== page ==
Structured Concurrency in Swift: Using async let

This article is part of my Modern Concurrency in Swift article series.

This article was originally written creating examples using Xcode 13 beta 1. The article, code samples, and provided sample project have been updated for Xcode 13 beta 3.

Table of Contents
  1. Modern Concurrency in Swift: Introduction
  2. Understanding async/await in Swift
  3. Converting closure-based code into async/await in Swift
  4. Structured Concurrency in Swift: Using async let
  5. Structured Concurrency With Task Groups in Swift
  6. Introduction to Unstructured Concurrency in Swift
  7. Unstructured Concurrency With Detached Tasks in Swift
  8. Understanding Actors in the New Concurrency Model in Swift
  9. @MainActor and Global Actors in Swift
  10. Sharing Data Across Tasks with the @TaskLocal property wrapper in the new Swift Concurrency Model
  11. Using AsyncSequence in Swift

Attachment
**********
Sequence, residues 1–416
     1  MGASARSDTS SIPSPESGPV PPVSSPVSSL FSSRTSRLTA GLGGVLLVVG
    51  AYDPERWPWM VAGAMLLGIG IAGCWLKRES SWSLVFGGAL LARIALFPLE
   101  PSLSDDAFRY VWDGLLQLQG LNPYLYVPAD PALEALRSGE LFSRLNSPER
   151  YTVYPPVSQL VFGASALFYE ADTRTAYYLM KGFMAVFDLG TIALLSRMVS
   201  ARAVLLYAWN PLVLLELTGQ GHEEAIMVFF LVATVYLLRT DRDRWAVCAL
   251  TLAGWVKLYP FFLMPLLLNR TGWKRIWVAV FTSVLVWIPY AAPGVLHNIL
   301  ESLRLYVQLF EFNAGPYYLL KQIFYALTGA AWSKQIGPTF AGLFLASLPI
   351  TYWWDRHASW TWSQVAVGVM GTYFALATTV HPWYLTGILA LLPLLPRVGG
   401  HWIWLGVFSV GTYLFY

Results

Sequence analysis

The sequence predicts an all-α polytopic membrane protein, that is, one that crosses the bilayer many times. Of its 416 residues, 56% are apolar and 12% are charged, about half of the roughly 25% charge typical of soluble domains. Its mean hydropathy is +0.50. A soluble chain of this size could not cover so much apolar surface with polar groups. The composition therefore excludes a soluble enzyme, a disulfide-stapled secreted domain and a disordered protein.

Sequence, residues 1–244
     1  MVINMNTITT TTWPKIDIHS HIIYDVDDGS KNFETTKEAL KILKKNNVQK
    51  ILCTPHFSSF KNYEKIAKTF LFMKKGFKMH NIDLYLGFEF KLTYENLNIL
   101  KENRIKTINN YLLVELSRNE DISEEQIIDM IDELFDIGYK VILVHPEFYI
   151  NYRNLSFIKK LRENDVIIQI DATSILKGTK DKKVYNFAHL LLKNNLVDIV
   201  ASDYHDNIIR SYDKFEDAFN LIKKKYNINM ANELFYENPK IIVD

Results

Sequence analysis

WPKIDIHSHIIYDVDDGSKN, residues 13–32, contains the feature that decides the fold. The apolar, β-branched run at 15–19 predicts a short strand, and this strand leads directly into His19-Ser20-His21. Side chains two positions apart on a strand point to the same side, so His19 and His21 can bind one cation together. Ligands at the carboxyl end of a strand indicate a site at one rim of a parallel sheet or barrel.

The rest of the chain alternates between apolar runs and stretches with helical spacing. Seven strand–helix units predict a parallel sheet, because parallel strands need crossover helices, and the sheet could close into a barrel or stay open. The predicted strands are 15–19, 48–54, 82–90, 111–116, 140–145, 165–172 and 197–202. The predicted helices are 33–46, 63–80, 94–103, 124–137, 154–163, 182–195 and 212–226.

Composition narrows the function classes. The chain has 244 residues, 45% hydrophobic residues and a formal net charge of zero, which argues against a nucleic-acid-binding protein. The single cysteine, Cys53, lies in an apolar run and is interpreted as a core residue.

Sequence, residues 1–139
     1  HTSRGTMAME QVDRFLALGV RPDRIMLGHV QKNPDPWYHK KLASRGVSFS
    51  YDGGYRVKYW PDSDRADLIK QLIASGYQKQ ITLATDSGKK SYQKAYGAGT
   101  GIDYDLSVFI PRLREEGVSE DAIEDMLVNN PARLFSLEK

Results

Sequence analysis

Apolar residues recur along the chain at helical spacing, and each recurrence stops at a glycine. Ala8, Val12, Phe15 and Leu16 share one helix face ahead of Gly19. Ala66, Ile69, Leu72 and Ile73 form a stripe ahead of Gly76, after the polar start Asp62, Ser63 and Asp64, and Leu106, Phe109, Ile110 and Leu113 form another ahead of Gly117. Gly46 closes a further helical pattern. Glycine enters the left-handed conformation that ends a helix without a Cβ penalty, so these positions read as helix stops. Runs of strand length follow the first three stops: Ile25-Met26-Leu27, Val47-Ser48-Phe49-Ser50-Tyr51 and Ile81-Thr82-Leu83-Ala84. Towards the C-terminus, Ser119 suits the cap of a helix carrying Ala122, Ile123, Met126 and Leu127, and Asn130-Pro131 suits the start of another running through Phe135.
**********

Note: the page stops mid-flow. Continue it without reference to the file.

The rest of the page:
12. Modern Swift Concurrency Summary, Cheatsheet, and Thanks

Understanding async/await is a pre-requisite to read this article. If you aren’t familiar with that concept, feel free to read the first part of this article series: Understanding async/await in Swift.

async/await are the most important concepts when it comes to the new concurrency system in Swift. Understanding async/await will open you the doors to perform multiple tasks in parallel with a clean syntax and straightforward code.

There are actually multiple ways to do this, but the way Apple has given us at WWDC2021 with Swift 5.5 is the safest one to use, and unless you have highly specific needs, probably the one you will use almost exclusively.

Introducing Structured Concurrency.

In previous articles, we have discussed how callback-based code can be messy to manage when used in concurrent contexts. For that reason, Apple gave us async/await, which is a set of keywords that can help us write concurrent code while keeping a linear flow in our code. This code can be read from top to bottom. However, in Understanding async/await in Swift, we noted that by just using async/await it doesn’t mean that we will perform more than one task at once (the tasks we call may do so internally, though). We will now begin executing some code in parallel, and we will start with the concept of Structured Concurrency.